Uncommons to look for include Riftwing Cloudskate – which might well but the best uncommon in the set and is certainly the one I most want to open. The tempo swing is just huge, and casting Momentary Blink on it is pretty much unbeatable. Duskrider Peregrine is another powerful card and is slightly better than Errant Ephemeron. The slightly lower costs pushed it over the top in an Aggressive deck. Outrider En-Kor is another powerful creature, and once you have one it pushes any Amrou Scouts slightly higher as searching him up is worth four mana. Celestial Crusader is the perfect fit for this sort of deck, and if you are fast enough pumping their White creatures is okay as long as you are racing. Fledging Mawcor is card that seems very underrated to me, as it is very good and I see it very late. It deals with creatures, something U/W can struggle with, and it’s just another very high-quality creature.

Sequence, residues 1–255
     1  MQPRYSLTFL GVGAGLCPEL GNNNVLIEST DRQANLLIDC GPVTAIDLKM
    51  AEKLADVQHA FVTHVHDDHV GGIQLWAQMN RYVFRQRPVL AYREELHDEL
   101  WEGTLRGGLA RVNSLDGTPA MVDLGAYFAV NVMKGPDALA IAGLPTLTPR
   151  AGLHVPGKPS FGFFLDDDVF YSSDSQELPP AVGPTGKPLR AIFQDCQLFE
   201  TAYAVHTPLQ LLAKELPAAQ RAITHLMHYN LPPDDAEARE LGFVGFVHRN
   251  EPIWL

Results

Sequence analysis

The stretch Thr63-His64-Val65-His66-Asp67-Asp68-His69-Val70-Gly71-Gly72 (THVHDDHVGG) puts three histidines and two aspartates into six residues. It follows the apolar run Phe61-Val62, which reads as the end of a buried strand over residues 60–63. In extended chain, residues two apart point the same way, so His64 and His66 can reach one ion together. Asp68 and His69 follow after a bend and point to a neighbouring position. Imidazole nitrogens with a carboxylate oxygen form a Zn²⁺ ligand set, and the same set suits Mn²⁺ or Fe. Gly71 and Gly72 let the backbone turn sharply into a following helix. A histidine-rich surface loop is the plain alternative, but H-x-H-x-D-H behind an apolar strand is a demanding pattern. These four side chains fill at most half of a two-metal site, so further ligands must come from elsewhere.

This pick order should hopefully leave you with a lot of two-drops so you can curve out most games, sometimes making two creatures on turn 4. The ideal game ends on turn 6 with a Fortify and a few suspend creatures. Bear in mind that if you suspend a Errant Ephemeron and an Ivory Giant you can stack their triggers on turn 6 so both can attack.

Of course, trying to be more aggressive means some good cards go down on the pick order. For example: Careful Consideration, while a fine card, isn’t very aggressive. This is not to say you shouldn’t play it, just that other people will pick it higher so you won’t see it late enough for you to want it. Cards like Dream Stalker are generally too defensive, although you have cheap stuff to return, and a low curve – still, a 1/5 body doesn’t do much for you. Tolarian Sentinel, which some people seem to love, is too defensive and has no place in this sort of deck. Castle Raptors suffers from this a little, but it is such a strong card you can afford a few higher costing spells as long as you don’t over do it.

Sample Decks

As I just finished the draft from the second deck, I’m going to go through a few sample games to show how this deck plays out.